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SUNY Downstate Health Sciences University

Division of Transplantation


Rejection of the transplanted kidney is not unusual and can usually be treated and reversed on an out-patient basis by adjusting your medications.

Rejection episodes are most likely to happen within the first three (3) months after transplant. For this reason, your doses of anti-rejection medications are at their highest during this period. These doses will be slowly tapered or lowered during the first several months after transplant.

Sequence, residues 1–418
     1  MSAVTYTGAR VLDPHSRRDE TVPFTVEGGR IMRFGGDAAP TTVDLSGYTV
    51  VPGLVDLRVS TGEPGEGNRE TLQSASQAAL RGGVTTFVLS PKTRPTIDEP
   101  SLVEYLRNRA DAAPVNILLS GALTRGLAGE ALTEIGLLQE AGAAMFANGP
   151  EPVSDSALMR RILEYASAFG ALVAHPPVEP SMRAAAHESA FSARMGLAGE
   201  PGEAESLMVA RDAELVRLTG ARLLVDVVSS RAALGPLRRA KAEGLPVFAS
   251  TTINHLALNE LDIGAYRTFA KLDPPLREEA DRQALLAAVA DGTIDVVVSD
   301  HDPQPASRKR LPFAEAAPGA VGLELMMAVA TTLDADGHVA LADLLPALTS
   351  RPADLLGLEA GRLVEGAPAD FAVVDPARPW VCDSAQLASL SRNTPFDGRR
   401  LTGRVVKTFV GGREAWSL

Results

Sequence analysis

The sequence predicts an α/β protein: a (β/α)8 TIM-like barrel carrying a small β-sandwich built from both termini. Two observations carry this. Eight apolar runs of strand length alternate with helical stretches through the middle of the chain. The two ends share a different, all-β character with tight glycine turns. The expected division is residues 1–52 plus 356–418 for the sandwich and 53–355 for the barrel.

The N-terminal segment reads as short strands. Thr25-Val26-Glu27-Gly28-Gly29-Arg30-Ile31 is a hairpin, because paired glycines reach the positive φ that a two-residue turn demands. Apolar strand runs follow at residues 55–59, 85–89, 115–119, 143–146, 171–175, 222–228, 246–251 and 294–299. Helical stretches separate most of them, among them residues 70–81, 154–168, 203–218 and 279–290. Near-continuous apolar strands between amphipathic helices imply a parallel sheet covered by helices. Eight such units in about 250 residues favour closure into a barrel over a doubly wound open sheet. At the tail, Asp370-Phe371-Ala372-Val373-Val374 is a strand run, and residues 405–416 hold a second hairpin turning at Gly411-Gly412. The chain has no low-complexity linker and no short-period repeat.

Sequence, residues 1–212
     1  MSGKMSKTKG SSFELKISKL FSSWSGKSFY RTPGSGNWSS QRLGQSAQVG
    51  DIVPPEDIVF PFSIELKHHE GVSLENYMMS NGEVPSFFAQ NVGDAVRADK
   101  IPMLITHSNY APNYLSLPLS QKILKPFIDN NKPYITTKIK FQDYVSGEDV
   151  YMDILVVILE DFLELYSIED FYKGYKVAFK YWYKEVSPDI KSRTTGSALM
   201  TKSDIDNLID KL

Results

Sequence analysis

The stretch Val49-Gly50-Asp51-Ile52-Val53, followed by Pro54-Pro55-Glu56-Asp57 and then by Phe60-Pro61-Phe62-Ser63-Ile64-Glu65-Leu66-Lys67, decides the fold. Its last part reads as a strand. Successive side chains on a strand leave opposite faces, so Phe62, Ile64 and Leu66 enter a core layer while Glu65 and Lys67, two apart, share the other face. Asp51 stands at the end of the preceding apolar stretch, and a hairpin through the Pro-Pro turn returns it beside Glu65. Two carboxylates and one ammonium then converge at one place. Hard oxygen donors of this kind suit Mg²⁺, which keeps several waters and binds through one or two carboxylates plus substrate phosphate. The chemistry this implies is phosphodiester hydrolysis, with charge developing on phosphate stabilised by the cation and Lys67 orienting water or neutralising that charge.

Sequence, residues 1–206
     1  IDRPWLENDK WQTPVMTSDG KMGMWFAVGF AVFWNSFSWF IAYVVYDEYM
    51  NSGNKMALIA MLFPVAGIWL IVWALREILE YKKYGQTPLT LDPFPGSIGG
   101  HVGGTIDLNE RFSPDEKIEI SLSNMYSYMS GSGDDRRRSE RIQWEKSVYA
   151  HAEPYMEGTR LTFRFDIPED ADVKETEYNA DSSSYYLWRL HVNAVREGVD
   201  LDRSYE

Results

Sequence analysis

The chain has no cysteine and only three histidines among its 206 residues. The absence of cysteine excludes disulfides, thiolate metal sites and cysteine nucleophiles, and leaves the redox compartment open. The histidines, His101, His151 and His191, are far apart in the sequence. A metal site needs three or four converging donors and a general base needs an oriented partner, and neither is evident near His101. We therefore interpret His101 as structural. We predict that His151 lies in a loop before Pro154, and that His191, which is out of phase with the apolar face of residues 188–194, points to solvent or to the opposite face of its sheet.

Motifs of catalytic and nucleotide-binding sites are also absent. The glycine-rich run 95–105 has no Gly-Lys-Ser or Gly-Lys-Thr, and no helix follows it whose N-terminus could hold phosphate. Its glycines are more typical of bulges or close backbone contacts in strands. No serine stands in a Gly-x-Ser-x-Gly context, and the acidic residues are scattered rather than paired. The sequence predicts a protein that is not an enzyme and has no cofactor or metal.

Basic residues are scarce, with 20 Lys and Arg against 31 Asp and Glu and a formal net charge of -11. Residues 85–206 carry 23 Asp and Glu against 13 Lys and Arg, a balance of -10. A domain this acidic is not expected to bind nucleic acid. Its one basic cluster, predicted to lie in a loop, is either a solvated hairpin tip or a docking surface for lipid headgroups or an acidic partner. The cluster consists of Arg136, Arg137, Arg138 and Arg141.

Major rejection episodes may require hospitalization for more extensive testing which may include a biopsy of your kidney and intensive anti-rejection therapy.

Rejection episodes are usually reversible with treatment.

Signs and Symptoms of Rejection

Notify the Transplant Nurse Practitioner or doctor immediately if you develop any of the following symptoms:

  • Fever of 101
  • No urine output
  • Redness, swelling or drainage from your incision
  • Repeated vomiting or diarrhea

Please note that while any of these may be a sign of rejection, they may also be a sign of something else so do not be alarmed. Call us and we will advise you.